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State v. Anderson

Decided: July 14, 1975.

STATE OF NEW JERSEY, PLAINTIFF,
v.
WINFIELD ANDERSON, DEFENDANT



Wingate, J.c.c., Temporarily Assigned.

Wingate

This matter is now before this court upon motion by defendant for a judgment of acquittal at the conclusion of the case. While the motion is addressed to the indictment generally, it is more vigorously urged towards the first four counts which charge two murders and two murders while armed and in possession of a gun.

Although there has been some factual challenge to the State's case with respect to the identification of defendant as the alleged murderer (which was contested by defense introduction of alibi witnesses), nevertheless, the proofs are, at this stage,*fn1 clear and sufficient for a jury to find, beyond a reasonable doubt, that in fact the twin infants borne by a certain Nikki Spearman died, after being born alive, as a result of a gunshot wound received by the mother when she was seven or more months pregnant with the twin fetuses.

After the gunshot wound the mother was delivered of the twin fetuses by a Caesarian operation and each fetus lived separate and apart from the mother for a limited period of time. One, later named John Lee Spearman, died approximately some three hours after delivery. John Lee received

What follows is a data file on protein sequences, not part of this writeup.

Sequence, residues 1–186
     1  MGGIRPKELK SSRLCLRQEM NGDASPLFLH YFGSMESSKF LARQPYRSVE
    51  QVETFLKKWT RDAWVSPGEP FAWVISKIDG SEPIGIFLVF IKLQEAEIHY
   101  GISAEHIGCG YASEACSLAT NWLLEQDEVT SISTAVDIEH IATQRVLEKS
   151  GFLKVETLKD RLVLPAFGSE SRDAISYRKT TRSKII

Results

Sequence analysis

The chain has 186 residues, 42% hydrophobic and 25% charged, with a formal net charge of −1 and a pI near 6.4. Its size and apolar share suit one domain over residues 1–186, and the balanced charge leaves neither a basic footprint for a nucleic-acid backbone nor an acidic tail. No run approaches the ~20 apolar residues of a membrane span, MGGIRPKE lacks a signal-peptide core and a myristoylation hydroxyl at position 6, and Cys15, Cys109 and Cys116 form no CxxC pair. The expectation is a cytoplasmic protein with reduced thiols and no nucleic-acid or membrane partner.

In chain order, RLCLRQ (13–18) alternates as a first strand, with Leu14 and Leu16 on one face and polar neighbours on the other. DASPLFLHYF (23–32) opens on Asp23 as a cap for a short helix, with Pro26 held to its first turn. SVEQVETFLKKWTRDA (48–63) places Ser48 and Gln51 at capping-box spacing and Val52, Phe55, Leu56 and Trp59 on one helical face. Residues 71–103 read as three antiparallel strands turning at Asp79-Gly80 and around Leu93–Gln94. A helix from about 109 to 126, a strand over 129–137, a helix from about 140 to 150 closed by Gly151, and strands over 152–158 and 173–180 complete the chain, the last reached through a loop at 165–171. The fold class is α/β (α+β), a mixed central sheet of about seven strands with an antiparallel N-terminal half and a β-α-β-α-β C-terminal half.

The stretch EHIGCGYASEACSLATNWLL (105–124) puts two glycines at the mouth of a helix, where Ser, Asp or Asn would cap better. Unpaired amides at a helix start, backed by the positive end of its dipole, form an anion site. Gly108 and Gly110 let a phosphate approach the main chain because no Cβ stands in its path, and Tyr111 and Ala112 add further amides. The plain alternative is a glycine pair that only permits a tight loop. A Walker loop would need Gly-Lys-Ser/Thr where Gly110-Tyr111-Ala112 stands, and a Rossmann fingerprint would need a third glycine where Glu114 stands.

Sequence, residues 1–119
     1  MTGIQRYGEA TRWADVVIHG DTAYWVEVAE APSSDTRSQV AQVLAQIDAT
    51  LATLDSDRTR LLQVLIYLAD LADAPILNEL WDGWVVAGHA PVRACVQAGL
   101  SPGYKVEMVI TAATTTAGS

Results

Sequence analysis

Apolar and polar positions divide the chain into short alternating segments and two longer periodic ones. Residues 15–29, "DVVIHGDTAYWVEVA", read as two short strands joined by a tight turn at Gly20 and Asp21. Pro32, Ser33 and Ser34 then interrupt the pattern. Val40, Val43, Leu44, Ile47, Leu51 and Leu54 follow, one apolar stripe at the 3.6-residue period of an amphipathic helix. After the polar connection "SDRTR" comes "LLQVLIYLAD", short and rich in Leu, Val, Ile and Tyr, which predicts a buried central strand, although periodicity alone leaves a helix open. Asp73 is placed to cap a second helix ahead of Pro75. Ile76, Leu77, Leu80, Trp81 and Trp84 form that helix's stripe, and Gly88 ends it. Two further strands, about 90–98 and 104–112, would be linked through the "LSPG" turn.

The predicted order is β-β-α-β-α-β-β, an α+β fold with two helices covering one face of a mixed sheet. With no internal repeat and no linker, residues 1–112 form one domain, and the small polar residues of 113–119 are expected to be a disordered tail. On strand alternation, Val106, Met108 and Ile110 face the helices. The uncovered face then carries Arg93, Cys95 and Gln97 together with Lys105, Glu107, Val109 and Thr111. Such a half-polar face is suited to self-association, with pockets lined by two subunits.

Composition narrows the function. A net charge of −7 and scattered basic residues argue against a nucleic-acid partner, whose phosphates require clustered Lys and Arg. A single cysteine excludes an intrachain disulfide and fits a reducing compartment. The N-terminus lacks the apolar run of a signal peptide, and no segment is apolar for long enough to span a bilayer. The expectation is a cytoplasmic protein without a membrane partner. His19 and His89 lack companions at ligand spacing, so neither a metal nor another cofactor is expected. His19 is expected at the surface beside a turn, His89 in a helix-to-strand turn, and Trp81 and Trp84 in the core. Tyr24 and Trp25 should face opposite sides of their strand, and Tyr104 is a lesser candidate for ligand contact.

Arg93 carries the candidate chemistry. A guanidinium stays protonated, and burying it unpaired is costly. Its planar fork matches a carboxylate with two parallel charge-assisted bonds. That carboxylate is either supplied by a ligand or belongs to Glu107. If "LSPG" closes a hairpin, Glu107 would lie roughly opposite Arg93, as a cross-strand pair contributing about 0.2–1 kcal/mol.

a bullet wound across his back as the missile passed through the mother. The cause of death was stated as a bullet wound and additional causes were attributed to immaturity. The other, later named Jonathan Lee Spearman, died approximately some 15 hours after delivery. He had not been struck by the bullet and death was attributed to immaturity. Obviously, the premature births were directly the result of the bullet wound which the mother received.

In support of the motion addressed to the four counts regarding the alleged murders, the defense advances the following arguments:

1. Assuming there was criminal conduct in the shooting by someone, such criminal conduct was directed against the mother and may not be imputed to the yet unborn viable fetuses.

2. Our common law excludes the killing of a fetus from a homicide.

3. If the fetuses had been "still born" there would have been no homicide, and thus the intervening action of a doctor who delivered the fetus alive should not be the controlling factor as to whether a homicide took place.

4. The act of homicide relates back to the moment of the infliction of the wound, or the time of the actual shooting, at which time neither John Lee Spearman nor Jonathan Lee Spearman were lives in existence entitled to the protection of the New Jersey law against murder.

These issues have never been formally resolved by any known decisions of the courts of the State of New Jersey. That is not to say, however, that our courts have not made reference to the common law principles that may apply to such issues.

Fetuses and unborn issue have been the subject matter of our courts and other jurisdictions, including the United States Supreme Court. These considerations have arisen in many different issues. They include those of the rights of unborn issue to inherit after birth; rights of ...


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